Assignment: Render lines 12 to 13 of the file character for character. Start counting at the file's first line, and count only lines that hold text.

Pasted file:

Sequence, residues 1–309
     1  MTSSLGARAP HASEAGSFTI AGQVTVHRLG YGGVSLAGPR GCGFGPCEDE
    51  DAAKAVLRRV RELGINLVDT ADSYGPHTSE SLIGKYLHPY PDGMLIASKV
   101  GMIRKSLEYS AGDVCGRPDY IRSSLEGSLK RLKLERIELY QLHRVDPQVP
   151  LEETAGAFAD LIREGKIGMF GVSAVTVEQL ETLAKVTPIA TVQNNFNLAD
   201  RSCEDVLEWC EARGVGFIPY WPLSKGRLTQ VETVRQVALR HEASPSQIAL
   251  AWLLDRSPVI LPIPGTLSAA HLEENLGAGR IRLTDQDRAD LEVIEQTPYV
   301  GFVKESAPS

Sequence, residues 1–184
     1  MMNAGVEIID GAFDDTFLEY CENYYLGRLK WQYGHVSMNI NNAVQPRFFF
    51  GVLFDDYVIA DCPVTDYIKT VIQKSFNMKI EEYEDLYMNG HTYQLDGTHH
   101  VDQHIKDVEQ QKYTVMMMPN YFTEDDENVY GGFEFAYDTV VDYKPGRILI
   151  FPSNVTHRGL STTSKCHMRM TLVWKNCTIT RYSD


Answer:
   101  VDQHIKDVEQ QKYTVMMMPN YFTEDDENVY GGFEFAYDTV VDYKPGRILI
   151  FPSNVTHRGL STTSKCHMRM TLVWKNCTIT RYSD